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The arts are thriving in the Metro

by HPR Contributor | .(JavaScript must be enabled to view this email address) | Last Word | September 25th, 2019

Award winning potter, Brad Bachmeier, pit firing his pottery at his studio - photograph by C.S. Hagen.

By Dayna Del Val
dayna@theartspartnership.net

Welcome to HPR’s big art issue! I was delighted at the invitation to write a guest column for this issue because, as you may know, the work we do at The Arts Partnership (TAP) is all in service to #supportlocalart and the artists who make it. And it’s fun to think about readers of HPR being immersed in a full issue of much of the art that makes our Metro community so great.

Whether you love music: rock, jazz, classical, instrumental or choral, ballet and other dance forms, opera, galleries and museums showcasing local, regional and national 2-D and 3-D art, theatre: including musicals, classic, contemporary, family and date night productions, literature, culinary, film and more, you are living in or visiting a community that is vibrant and alive with the arts.

The Metro’s art sector spans three city and two state borders because, for makers and patrons, it doesn’t matter where art is being produced locally. It simply matters that they have access to all kinds of it, and in our community, the arts are an abundant and infinite resource.

Some of that is because we have made the arts a priority for our children. Beyond school arts programs, there are numerous after school arts enrichment teachers and opportunities. We have three youth choirs and three youth symphonies. There are more thriving children’s and young adult theatre programs than seem possible for a community of our size. We have youth programming at the museums, our public libraries and park districts. There are a number of dance studios that cater to every style of dance. ChalkFest, the largest free art-making event in the Metro, is at the Red River Zoo from 10-2 on October 5 and attracts kids, families, couples and more from all over. The Studio Crawl, October 5 and 6 from noon-6 is also free and invites everyone to meet local artists in their studios and see how art is made. There are more and more murals popping up in unexpected locations around town, and those engage and inspire people as well.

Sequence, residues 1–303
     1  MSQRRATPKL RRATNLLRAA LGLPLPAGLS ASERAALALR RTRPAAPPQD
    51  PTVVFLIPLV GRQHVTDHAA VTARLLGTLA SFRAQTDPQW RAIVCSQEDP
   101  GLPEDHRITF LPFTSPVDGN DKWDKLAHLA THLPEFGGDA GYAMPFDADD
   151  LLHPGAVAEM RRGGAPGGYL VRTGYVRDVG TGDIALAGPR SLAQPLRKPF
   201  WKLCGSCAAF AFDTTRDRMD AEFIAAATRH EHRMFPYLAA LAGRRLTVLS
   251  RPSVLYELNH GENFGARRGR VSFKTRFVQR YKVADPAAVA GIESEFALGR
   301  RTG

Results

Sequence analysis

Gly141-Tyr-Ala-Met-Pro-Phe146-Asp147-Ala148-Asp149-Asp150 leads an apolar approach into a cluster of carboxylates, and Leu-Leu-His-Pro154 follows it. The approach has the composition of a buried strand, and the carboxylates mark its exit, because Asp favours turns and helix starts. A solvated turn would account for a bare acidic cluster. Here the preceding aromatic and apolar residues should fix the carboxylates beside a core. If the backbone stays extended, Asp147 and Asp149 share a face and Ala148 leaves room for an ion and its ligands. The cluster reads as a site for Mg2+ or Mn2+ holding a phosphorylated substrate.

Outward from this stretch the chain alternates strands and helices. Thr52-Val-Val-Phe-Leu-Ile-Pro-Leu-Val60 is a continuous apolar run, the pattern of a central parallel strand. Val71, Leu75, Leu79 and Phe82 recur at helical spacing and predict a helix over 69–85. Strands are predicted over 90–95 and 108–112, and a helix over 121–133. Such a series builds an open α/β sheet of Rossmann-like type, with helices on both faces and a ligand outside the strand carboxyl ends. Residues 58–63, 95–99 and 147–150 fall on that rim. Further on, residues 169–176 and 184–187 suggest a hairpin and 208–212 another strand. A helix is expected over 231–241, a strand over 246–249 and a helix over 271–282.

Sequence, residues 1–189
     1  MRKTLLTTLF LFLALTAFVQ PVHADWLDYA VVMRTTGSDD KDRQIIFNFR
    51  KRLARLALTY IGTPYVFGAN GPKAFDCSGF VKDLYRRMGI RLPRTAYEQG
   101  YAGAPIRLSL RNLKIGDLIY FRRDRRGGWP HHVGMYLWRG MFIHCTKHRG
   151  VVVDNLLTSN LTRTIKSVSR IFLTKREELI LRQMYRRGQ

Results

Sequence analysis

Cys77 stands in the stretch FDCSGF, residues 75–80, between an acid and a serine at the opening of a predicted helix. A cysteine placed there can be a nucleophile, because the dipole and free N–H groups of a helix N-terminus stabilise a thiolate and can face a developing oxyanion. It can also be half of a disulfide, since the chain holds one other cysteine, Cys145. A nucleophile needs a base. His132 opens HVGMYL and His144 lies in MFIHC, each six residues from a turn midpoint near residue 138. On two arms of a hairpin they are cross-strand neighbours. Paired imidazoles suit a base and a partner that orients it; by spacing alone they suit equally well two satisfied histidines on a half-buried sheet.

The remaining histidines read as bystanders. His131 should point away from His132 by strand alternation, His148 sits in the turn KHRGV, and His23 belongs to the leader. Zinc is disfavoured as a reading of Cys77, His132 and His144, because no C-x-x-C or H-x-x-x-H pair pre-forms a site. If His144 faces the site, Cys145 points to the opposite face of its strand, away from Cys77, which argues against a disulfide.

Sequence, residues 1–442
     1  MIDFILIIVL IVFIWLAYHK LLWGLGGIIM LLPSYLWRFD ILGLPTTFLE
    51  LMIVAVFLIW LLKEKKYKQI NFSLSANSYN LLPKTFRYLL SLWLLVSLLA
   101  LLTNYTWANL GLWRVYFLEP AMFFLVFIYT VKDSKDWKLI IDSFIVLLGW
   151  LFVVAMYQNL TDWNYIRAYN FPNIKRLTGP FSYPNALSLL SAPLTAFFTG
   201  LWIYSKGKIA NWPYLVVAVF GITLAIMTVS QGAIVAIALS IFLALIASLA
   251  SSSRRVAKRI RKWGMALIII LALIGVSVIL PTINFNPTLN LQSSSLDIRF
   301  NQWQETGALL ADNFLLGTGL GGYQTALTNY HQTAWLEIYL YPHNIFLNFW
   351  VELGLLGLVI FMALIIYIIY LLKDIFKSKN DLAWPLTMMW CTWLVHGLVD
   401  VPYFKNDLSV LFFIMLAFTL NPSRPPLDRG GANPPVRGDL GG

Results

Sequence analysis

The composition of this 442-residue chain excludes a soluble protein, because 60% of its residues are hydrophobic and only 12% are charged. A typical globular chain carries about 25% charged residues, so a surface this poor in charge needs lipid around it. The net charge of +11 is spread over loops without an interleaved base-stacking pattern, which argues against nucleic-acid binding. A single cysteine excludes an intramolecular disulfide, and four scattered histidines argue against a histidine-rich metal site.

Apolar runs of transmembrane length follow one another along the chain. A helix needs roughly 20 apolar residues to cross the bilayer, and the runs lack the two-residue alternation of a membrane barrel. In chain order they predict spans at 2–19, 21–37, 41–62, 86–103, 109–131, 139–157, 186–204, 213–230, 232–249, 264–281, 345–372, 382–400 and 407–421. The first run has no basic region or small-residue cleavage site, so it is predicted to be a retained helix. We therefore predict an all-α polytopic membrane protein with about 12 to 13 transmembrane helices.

But some of the abundance is because artists are tenacious dreamers, too. With three four-year institutions and two two-year colleges graduating students from a variety of excellent arts programs, our community is awash in young people who have spent considerable time learning about and engaging in their various art forms.

And so many more of them are staying here to make their living and their lives. The number of young adults who identify as artists, or at the very least creatives, is increasing all the time. With the continued rise of technology, makers can live anywhere they want today, and many people are finding that our Metro is an excellent place to be.

Whether they pursue their art form full time or work around a day job, creativity abounds in our community, and it’s being driven by the makers who want to call Fargo-Moorhead home.

So what if you’re not an artist or maker of any kind? Do you have a place here, too? Absolutely. You are the other side of the coin: artists need people to purchase their art, to attend their productions and concerts, to read their novels, to buy their CDs, go to their openings, serve on their boards, purchase season tickets and give beyond that, too. In short, artists need everyone in the community to #supportlocalart in as many ways as you can and as often as you can.

It’s not necessary that we all be makers, but it is necessary, as human beings, that we immerse ourselves in the arts from time to time. The arts feed our souls and imaginations They inspire creativity and industry. They calm down a rapid pulse and restore a frantic mind. They help us celebrate and mourn. They tell our shared stories and highlight our glorious differences.

I hope you read this issue from cover to cover; I hope you were inspired by the arts that are highlighted here, but I also hope you will get out of your house, your offices and your scrolling social media rabbit holes and actually go see some art, buy some art and maybe even make some art too.

Enjoy all the art that our community has to offer.

[Editor’s note: Dayna Del Val is President & CEO The Arts Partnership]

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